Chart 3

Downloadable chart

Reinvestment of profits in the same facilities accounted for much of the marginal manufacturing investment increase. Manufacturing companies are first expanding existing capacity, Dallas Fed contacts say, adding production lines, buying new equipment and adding employees. Companies are quick to announce new projects; however, it is unclear how many will be subsequently scaled back, delayed or canceled.

Elevated inflation among short-term challenges

Less restrictive monetary policy should boost Mexico’s economic growth this year, although the impact may be muted, given policymakers’ cautious approach. Banco de México lowered its reference rate 25 basis points (0.25 percentage points) to 11 percent in March and held it in April, marking the end of the tightening cycle. The central bank had kept its policy rate unchanged for seven consecutive meetings, beginning in March 2023. The central bank is expected to favor a restrictive monetary policy stance due to persistent inflation concerns.  

Inflation soared with the pandemic, reaching an annual rate of almost 9 percent, and the central bank’s proactive policy stance has helped reduce inflation. CPI core inflation, which excludes food and energy, has declined since early 2023. However, services inflation persists, keeping overall inflation above the central bank’s 3 percent target rate (Chart 4).

Chart 4

Downloadable chart

The central bank has indicated the reference rate will remain elevated, as inflation isn’t likely to converge with the target rate until the second quarter of 2025, signaling that the reference rate will remain high for some time. As a result, borrowing costs will stay elevated, damping investment and consumption this year.

High interest-rate differentials relative to the U.S. have also contributed to the peso appreciation. The Mexican peso has gained around 18 percent against the dollar in the past two years. A sustained appreciation of the peso boosts the relative cost of exports and reduces the cost of imports and could slow growth. The strong peso stymies tourism and foreign investment. Relocation of supply chains to include Mexico has offset some of the negative effects.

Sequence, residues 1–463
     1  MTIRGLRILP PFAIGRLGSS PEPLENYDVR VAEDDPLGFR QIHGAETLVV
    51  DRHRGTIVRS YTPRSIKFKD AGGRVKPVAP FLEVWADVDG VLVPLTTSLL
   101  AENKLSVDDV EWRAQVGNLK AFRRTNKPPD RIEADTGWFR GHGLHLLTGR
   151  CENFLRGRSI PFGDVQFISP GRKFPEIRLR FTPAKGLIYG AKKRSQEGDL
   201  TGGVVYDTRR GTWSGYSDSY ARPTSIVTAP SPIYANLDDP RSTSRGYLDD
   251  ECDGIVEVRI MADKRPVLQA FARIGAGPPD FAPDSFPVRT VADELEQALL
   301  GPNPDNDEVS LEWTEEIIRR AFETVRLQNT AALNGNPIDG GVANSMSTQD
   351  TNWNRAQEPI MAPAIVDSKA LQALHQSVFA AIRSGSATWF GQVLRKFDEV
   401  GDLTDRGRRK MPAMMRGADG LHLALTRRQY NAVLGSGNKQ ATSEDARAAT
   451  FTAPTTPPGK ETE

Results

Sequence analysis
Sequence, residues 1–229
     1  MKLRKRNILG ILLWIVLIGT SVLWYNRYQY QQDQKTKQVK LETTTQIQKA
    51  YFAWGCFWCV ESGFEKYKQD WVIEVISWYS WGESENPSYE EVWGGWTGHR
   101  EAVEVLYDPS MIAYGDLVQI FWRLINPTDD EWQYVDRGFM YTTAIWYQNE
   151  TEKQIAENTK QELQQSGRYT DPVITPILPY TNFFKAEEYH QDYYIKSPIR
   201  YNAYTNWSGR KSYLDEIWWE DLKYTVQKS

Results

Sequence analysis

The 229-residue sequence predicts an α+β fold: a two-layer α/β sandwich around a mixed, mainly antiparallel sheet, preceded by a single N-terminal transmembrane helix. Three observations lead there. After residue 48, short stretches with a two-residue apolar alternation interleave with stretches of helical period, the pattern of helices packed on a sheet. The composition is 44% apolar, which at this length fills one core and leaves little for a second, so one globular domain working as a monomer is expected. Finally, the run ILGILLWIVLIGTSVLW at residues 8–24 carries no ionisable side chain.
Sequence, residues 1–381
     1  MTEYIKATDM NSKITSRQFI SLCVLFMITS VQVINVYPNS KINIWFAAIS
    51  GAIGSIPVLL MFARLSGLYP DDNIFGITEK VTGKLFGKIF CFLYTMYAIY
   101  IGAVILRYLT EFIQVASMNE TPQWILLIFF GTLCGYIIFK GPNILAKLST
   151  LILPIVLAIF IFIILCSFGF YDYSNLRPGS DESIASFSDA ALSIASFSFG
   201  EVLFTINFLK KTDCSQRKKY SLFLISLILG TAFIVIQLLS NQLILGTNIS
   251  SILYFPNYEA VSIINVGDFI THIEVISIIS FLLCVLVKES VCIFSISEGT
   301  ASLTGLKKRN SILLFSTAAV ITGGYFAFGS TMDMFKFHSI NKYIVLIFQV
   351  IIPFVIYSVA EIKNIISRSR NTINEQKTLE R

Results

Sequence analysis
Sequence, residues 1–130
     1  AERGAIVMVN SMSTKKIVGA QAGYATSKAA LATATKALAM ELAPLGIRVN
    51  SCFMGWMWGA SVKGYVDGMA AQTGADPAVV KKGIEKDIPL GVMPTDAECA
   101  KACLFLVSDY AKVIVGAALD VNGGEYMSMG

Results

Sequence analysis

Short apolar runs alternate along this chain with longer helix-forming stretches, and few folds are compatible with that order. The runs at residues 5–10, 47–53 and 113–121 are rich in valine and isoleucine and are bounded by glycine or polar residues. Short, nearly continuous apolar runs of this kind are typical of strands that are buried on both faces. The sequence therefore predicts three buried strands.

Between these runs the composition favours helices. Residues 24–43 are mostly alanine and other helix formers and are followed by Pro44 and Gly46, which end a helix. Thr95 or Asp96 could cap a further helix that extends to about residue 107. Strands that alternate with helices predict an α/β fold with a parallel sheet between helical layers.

The strong peso also means dollar remittances are worth less to their recipients in Mexico. Despite record nominal remittances from Mexican citizens working in the U.S., the value of the payments has declined in real terms, which adjust for inflation and peso appreciation. While average dollar-denominated monthly remittances rose from $389 in 2022 to $393 in 2023, in real pesos they fell from 6,391 pesos to 5,398 pesos, a 16 percent drop.  

Rising labor costs outrun productivity

Labor costs are rising faster than labor productivity, posing another challenge. Mexico’s government has increased the federal minimum wage 88 percent in real terms over the past five years. The increases, at the start of each year, have been implemented annually.

Although the majority of workers in the formal sector—which the government can directly influence—earn more than minimum wage, it’s a reference wage that drives other labor costs and can push up prices (Chart 5). As a result, average daily wages in the formal sector increased 14 percent in real terms between 2019 and 2023.

Chart 5

Downloadable chart

Higher worker compensation is a benefit for workers and not a concern for firms and consumers if labor productivity gains match rising labor costs. But labor costs have increased faster than worker productivity in manufacturing and services since 2019. Unit labor costs increased 1.8 times faster than labor productivity in manufacturing and 1.5 times faster in services on a monthly, annual average basis.

When labor costs rise faster than labor productivity, they can impede hiring and lower the competitiveness of domestic and international firms in Mexico. The situation can also drive up hiring in the informal sector that is less compliant with minimum wage regulations.

Research by Mexico’s central bank finds a negative relationship between formal sector employment growth and federally mandated minimum wage increases. The study highlights the need to adopt measures that can increase labor productivity—the only way to sustainably create better-paying jobs.

Energy sector, fiscal discipline pose challenges to long-run growth

Mexico’s energy sector faces a number of barriers, particularly following the recent reversal of reforms enacted in the previous decade that had upended state-owned oil and electricity monopolies. Energy prices have risen amid lapses in reliability, particularly affecting manufacturing.

A lack of reliable and affordable electricity could damp nearshoring momentum. (Separately, Dallas Fed contacts have also noted the importance of providing access to plentiful and reliable water supplies.)    

While fiscal spending boosts the economy, this year’s outsized expenditures represent a possible deviation from the fiscal prudence that characterized Mexican administrations since the 1990s. Some analysts see signals of structural change in fiscal discipline; others view the spending as temporary, no different than peer nations that didn’t experience any impact on country risk valuations.